The Moment When I’m About to be Obliterated by a Giant Wave

Rushing through the stages from panic to acceptance when a mass of water looms.


At first, there’s a sense of disbelief. Surely, this can’t be happening, I think to myself as a giant wave rises up from deep water to fill the horizon with gloom and menace. I mean, yes, sure, I’m in the ocean on a day when uncomfortably large waves are breaking, and I put myself here on purpose, but this wave—this is simply too much. I didn’t sign up for waves like this. It’s an affront, really. How dare this wave put me in this uncomfortable position. I’d almost be offended if I wasn’t surging with adrenaline.

Next, a quick plan of action.

I can practically count the strokes it will take to paddle close enough to this watery guillotine rushing toward me to dive beneath it. If I can just reach the pocket of calm at the trough of the wave as it gathers itself to full height and starts to pitch its lip forward, I can pass below, unmolested (ish), riding a little conveyer belt of water pulling through the bottom of the wave, rising to the surface just behind it, safe from the total fury the breaking lip is unleashing just shoreward.

But I can’t reach that pocket. Not this time.

I’m going to wear this wave right on the head. I’m going to try to dive beneath it, but the lip will punch down through the surface, find me frantically kicking away from it, grab me in its inescapable fist like it’s a damn tractor beam right out of Star Wars, and then shake and thrash me like a dog tearing apart a ragdoll.

If the water’s sufficiently deep, I know, I’ll flip and twist seemingly for minutes, as though I’m in a giant, psychotic washing machine, no idea of which way is up or down, at the mercy of an uncaring sea.

If the wave is breaking in shallow water, it will try to erase my existence by smearing my body into a pulp on the sandbar, or worse, sharp reef, below.

I’m thinking of all of this, weighing my odds, as I’m frantically clawing at the water, begging the ocean, god, anything really, to let me reach the wave before all hell breaks loose, and one of the above doomsday scenarios comes to fruition.

But then, always, that flash of courage. You’ve been here before. An infinite number of times. There might be a whimper that tries to bubble to the surface, but: no, not today. Instead, an excited hoot, meant to remind me this is all fun, isn’t it? Maybe catch the frantic, crazed-animal eye of the paddler next to me, playing out his or her own game of what if. If there can be a shared smile, a laugh, in that brief moment of eye contact, the fear evaporates. What’s there to be afraid of anyway!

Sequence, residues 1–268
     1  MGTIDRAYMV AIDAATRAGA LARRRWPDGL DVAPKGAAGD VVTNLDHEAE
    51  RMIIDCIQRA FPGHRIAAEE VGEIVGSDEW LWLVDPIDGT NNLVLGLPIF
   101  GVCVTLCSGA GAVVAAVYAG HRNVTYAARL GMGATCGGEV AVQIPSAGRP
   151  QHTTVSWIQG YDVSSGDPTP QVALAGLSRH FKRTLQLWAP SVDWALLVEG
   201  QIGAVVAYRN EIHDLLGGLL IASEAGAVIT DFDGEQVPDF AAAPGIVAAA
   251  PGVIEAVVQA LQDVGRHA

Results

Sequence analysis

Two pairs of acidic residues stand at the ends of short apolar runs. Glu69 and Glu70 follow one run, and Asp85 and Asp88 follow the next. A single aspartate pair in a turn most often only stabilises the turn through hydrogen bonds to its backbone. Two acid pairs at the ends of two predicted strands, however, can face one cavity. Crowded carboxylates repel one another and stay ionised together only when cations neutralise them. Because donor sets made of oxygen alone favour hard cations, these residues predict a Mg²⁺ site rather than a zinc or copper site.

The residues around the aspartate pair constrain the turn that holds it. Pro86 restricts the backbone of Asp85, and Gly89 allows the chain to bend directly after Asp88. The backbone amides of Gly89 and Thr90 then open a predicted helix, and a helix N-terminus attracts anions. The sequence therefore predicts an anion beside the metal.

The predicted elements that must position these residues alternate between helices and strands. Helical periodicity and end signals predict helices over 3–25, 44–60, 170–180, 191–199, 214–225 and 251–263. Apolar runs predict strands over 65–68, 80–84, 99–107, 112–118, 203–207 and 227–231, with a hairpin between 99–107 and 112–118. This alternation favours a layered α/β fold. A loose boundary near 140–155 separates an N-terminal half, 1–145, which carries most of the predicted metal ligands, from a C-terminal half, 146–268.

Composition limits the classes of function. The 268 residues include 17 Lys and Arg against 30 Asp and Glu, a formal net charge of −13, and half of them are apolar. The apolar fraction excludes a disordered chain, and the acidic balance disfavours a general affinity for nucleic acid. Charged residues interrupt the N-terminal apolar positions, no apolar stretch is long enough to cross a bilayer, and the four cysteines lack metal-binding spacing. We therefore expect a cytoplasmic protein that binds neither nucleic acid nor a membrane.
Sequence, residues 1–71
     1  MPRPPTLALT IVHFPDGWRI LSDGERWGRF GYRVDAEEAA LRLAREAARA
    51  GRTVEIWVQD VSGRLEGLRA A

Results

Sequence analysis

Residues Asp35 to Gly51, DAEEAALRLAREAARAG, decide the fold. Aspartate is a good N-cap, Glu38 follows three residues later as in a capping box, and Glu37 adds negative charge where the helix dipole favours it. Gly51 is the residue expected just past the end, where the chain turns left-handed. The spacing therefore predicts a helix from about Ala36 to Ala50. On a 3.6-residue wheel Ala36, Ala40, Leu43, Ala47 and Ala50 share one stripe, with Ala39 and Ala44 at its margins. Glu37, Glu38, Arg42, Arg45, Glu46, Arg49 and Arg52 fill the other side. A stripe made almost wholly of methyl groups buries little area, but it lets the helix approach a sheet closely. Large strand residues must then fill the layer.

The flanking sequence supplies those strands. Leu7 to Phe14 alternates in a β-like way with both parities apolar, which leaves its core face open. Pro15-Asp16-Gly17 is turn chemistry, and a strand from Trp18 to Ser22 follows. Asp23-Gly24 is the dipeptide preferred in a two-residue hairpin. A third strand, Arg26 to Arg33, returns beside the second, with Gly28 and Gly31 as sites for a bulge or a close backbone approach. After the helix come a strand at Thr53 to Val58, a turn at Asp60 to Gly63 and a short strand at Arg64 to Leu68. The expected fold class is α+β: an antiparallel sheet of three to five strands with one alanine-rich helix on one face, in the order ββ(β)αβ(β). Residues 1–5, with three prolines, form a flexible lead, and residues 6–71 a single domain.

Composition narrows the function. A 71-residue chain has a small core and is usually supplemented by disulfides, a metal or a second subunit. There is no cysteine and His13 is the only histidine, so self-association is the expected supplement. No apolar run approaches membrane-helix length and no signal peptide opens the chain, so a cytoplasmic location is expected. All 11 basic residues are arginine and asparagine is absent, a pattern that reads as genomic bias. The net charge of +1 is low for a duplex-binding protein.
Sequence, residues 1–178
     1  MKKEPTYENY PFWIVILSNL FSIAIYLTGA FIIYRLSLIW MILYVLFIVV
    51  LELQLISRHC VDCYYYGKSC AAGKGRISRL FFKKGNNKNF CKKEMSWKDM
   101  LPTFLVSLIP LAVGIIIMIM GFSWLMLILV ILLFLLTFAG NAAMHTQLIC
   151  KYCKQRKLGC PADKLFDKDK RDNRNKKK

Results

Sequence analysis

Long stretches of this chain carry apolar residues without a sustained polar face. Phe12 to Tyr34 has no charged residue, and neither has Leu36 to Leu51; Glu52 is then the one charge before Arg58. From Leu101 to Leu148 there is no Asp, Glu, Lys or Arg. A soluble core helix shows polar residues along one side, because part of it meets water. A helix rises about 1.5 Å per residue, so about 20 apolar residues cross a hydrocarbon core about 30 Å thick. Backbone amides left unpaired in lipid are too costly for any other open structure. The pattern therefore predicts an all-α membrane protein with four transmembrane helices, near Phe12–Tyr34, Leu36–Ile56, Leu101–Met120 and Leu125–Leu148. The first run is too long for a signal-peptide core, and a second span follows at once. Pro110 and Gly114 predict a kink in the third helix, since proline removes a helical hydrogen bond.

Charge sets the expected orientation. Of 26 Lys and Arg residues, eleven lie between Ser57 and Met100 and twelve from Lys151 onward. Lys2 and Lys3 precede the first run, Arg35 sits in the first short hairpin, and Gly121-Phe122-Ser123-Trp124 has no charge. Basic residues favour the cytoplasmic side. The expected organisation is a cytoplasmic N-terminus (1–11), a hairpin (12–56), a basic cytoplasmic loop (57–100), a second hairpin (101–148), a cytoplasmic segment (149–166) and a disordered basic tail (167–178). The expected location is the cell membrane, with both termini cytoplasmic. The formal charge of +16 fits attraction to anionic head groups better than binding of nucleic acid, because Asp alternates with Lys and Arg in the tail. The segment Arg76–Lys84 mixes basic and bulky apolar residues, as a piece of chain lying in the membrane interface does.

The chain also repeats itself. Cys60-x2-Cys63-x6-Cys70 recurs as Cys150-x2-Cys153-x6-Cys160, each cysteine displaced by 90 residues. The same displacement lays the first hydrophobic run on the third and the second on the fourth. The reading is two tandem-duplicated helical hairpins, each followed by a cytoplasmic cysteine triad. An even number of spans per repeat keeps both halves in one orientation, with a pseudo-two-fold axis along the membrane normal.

Mercifully, all thoughts cease when the wave finally arrives with the explosive power of a derailed freight train. There are no more actions to take, other than to remain calm, let it happen. To let it pass. No more what-if scenarios to run through the mind. A zen-like state of acceptance. A marveling, perhaps, at the awesome power of the ocean.

Then, as quickly as it began, the grip lessens, and there is peace. That wasn’t so bad. Gather the board, make sure it’s in one piece.

Then do it all over again.

 

Showing 2 comments
  • David
    Reply

    Love the essay. This applies to experienced water people and beginners lesrnign what it’s likento wear a 6’ wave on the head.

    Steve – more fun essays on surfing like this please !!!

  • Eternal
    Reply

    I’m always terrified of high waves like this, I really admire those who just look forward to this, but I guess I must take a leap someday, and just take it head on.

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